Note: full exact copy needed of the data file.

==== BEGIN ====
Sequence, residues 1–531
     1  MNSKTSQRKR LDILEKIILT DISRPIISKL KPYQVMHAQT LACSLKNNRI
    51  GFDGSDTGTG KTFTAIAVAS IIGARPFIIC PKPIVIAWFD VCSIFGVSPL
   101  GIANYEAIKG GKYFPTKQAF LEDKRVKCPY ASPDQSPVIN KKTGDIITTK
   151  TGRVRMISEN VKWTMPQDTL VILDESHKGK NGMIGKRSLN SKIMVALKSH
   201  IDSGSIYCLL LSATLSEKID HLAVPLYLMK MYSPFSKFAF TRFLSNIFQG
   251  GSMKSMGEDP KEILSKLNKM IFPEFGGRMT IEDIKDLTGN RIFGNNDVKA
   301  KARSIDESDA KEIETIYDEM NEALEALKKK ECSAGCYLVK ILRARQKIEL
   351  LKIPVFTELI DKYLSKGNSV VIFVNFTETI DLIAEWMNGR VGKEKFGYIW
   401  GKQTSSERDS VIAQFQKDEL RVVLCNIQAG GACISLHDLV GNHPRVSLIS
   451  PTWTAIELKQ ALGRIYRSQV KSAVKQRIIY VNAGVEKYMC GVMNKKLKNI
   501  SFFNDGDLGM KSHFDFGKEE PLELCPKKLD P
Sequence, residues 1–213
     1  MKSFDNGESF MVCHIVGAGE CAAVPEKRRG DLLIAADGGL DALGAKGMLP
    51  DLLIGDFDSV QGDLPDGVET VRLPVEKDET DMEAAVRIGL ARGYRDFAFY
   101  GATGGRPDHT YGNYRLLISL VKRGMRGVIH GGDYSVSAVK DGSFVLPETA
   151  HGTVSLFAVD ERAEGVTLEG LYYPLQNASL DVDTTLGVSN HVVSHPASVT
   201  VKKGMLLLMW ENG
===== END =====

Sequence, residues 1–531
     1  MNSKTSQRKR LDILEKIILT DISRPIISKL KPYQVMHAQT LACSLKNNRI
    51  GFDGSDTGTG KTFTAIAVAS IIGARPFIIC PKPIVIAWFD VCSIFGVSPL
   101  GIANYEAIKG GKYFPTKQAF LEDKRVKCPY ASPDQSPVIN KKTGDIITTK
   151  TGRVRMISEN VKWTMPQDTL VILDESHKGK NGMIGKRSLN SKIMVALKSH
   201  IDSGSIYCLL LSATLSEKID HLAVPLYLMK MYSPFSKFAF TRFLSNIFQG
   251  GSMKSMGEDP KEILSKLNKM IFPEFGGRMT IEDIKDLTGN RIFGNNDVKA
   301  KARSIDESDA KEIETIYDEM NEALEALKKK ECSAGCYLVK ILRARQKIEL
   351  LKIPVFTELI DKYLSKGNSV VIFVNFTETI DLIAEWMNGR VGKEKFGYIW
   401  GKQTSSERDS VIAQFQKDEL RVVLCNIQAG GACISLHDLV GNHPRVSLIS
   451  PTWTAIELKQ ALGRIYRSQV KSAVKQRIIY VNAGVEKYMC GVMNKKLKNI
   501  SFFNDGDLGM KSHFDFGKEE PLELCPKKLD P
Sequence, residues 1–213
     1  MKSFDNGESF MVCHIVGAGE CAAVPEKRRG DLLIAADGGL DALGAKGMLP
    51  DLLIGDFDSV QGDLPDGVET VRLPVEKDET DMEAAVRIGL ARGYRDFAFY
   101  GATGGRPDHT YGNYRLLISL VKRGMRGVIH GGDYSVSAVK DGSFVLPETA
   151  HGTVSLFAVD ERAEGVTLEG LYYPLQNASL DVDTTLGVSN HVVSHPASVT
   201  VKKGMLLLMW ENG